When Leads Go Cold

June 9, 2011

Rusty Funnel by TMWeddle @ FlickrIt seems with all the systems we have today to generate, score, and nurture leads, it all comes down to sales. The amount of time it takes for a sales person to follow up with a lead can determine whether the deal is closed or not. At least, that’s what the recent HBR article “The Short Life of Online Sales Leads” states, saying that 24% of companies take more than 24 hours to respond to a lead, and 23% of companies never responded at all.

According to their research, the average response time, among companies that responded within 30 days, was 42 hours.

These results are especially shocking given how quickly online leads go cold – HBR

The article doesn’t go into much detail about whether the leads being followed up had been nurtured by a Marketing Automation system, or even a break down of industries but it does point a good possible flaw in the sales process of most companies.

What good is implementing a complex nurturing system if when the marketing qualified lead is sent to sales, the rep doesn’t follow up? Plugging this hole in the funnel takes more than software.

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Making the Most of Your Webinars

February 7, 2011

A recent report from On24, “Webcast Benchmarks and Best Practices for Lead Generation“,  has some interesting numbers when it comes to how webinars are being used and their effectiveness at lead generation. Take for instance the following:

  • The average webcasts captures 441 registrants
  • Attendee participation is usually 50-60% of registrations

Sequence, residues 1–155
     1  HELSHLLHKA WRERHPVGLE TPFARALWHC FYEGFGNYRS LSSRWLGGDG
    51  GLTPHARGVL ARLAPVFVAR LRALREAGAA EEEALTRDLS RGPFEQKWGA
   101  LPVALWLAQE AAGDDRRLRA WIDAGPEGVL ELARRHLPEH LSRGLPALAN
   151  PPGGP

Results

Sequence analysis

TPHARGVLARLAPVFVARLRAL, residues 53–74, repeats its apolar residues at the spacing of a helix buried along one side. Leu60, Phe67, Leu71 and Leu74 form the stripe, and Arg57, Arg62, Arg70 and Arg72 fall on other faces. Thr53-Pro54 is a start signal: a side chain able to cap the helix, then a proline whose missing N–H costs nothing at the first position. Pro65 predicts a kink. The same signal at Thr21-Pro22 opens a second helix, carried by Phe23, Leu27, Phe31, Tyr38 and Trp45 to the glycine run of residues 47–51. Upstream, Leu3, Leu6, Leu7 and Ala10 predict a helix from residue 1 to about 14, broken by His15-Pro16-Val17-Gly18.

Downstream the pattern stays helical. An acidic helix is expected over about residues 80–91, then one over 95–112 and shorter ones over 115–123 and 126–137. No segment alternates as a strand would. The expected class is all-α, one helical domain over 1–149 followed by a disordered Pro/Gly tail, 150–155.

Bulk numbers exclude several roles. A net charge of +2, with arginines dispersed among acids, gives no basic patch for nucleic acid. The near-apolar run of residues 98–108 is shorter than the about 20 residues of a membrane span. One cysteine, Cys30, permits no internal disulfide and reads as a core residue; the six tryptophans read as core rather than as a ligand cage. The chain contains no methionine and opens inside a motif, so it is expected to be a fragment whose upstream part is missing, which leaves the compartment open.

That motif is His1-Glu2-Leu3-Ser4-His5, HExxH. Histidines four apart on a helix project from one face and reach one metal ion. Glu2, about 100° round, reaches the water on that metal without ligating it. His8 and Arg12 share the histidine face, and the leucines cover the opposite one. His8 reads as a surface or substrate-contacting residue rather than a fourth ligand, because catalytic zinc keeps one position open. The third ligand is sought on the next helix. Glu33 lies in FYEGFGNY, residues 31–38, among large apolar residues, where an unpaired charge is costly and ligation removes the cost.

• 15-30% of registrants are sales-qualified opportunities

The numbers above should be enough for you to go back to your own metrics and see how you compare. Sure, depending on your industry the numbers might be skewed but at least you have a benchmark and something to show (or not!) senior management when your results are being questioned.

The report goes a bit further and also tells us that 52% of all registrations occur within 10 days before a scheduled webinar and 15% registering on the day of the webcast. In my experience this is accurate, and sometimes during the day (or the day before) of the event tends to bring an increasing number of new registrations. We are all procrastinators it seems when it comes to registering for online events.

What’s the ROI of webcasting?

According to the survey webcasts have a $22.60 cost per registrant for those with an average of 441 registrants and $39 per participant if the average is 256 participants. I personally think these numbers are high, but it depends heavily on the webinar platform you’re using. On24 is not the lowest priced one on the market (Adobe Connect, WebEx, and GoToWebinar all charge less for webinars), but this should be easy enough for you to calculate for your specific situation. Oh, but note that the cost involves “audience generation programs, to produce and promote a webcast”, so you have to add your email marketing costs (again, different platforms will charge differently) and any additional method you typically use to get people to register and attend.